Intracranial Aneurysm Rupture Presenting as Delayed Stroke Secondary to Cerebral Vasospasm
Background Days after aneurysmal subarachnoid hemorrhage (SAH), cerebral vasospasm can result in the delayed appearance of ischemic neurological deficit identical to that produced by other causes of stroke. Despite the well-described, “classic” presentation of SAH, up to 25% of patients are initially misdiagnosed, and the initial hemorrhage from a ruptured aneurysm will not always bring the patient to medical attention.
Case Descriptions We report our experience with two patients who presented with signs and symptoms of ischemic stroke resulting from cerebral vasospasm that followed unrecognized rupture of a brain aneurysm. In one case, it was the recent complaint of significant headache and a prior history of SAH that led to the correct diagnosis. In the other case, a major rebleed occurred before the accurate diagnosis was recognized.
Conclusions It is critical to make the correct diagnosis of stroke due to vasospasm so that appropriate treatment can be instituted, thrombolytic and anticoagulant therapy can be avoided, and the unsecured aneurysm can be obliterated to prevent potentially catastrophic rebleeding.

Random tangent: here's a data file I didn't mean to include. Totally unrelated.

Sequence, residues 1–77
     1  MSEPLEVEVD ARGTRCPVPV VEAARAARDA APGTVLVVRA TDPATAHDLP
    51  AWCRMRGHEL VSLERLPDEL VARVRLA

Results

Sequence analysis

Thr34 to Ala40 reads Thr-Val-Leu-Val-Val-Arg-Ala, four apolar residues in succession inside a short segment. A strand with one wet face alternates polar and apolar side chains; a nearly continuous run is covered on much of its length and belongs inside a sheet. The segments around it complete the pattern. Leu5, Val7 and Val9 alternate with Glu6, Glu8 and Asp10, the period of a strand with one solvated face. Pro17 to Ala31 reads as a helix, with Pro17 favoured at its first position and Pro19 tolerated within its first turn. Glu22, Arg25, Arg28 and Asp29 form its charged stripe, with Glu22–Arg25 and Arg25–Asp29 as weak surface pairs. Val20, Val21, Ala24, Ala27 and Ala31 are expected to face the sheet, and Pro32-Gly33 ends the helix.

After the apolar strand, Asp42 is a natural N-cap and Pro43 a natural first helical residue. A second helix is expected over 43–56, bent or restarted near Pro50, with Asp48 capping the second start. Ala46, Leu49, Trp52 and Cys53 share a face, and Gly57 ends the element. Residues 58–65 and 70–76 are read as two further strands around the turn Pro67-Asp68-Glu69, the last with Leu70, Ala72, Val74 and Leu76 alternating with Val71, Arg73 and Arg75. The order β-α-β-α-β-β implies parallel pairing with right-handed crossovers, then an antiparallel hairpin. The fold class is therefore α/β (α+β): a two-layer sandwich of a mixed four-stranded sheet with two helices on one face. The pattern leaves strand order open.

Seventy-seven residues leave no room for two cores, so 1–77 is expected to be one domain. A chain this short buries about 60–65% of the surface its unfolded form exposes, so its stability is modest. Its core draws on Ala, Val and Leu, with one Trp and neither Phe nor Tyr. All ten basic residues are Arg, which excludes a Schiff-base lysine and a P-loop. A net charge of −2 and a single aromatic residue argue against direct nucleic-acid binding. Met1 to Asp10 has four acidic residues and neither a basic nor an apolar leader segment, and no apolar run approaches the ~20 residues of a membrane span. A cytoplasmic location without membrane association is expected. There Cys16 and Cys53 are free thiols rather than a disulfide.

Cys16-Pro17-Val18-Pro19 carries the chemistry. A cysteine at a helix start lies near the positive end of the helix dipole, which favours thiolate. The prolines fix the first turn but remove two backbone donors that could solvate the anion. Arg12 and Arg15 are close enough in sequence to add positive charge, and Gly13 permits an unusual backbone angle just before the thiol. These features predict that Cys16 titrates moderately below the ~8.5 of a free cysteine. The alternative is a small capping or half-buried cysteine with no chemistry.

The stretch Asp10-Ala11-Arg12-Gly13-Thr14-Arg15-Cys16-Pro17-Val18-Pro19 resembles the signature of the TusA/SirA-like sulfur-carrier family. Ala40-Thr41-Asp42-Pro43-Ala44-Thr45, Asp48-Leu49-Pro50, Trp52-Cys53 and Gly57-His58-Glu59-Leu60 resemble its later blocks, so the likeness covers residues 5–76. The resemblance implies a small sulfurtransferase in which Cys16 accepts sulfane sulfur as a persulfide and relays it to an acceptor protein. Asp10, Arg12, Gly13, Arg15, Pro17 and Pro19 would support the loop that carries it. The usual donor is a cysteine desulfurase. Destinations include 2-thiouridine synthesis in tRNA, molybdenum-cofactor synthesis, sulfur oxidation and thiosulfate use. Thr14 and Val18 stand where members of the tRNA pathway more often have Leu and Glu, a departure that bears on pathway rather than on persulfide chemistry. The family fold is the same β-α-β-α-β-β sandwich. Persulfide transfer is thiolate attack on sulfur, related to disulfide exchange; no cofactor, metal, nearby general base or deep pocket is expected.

The clinical hallmark of subarachnoid hemorrhage (SAH) is severe headache, and typically this will prompt the patient to seek medical attention. There may be concomitant focal neurological deficit, depressed level of consciousness, or coma. Despite the well-described, “classic” presentation of SAH, up to 25% of patients are initially misdiagnosed after aneurysm rupture, and approximately 40% of patients describe a history of one or several significant headaches during the preceding weeks.1 2 3 4 We recently encountered two patients who presented days after unrecognized aneurysm rupture with symptoms of stroke secondary to delayed cerebral vasospasm. The clinical findings of cerebral vasospasm may be identical to those of other causes of stroke; therefore, prompt and accurate diagnosis may be difficult. Establishing the diagnosis of cerebral vasospasm due to aneurysm rupture is critical so that appropriate treatment measures can be instituted rapidly and potentially hazardous interventions such as anticoagulation and thrombolysis can be avoided.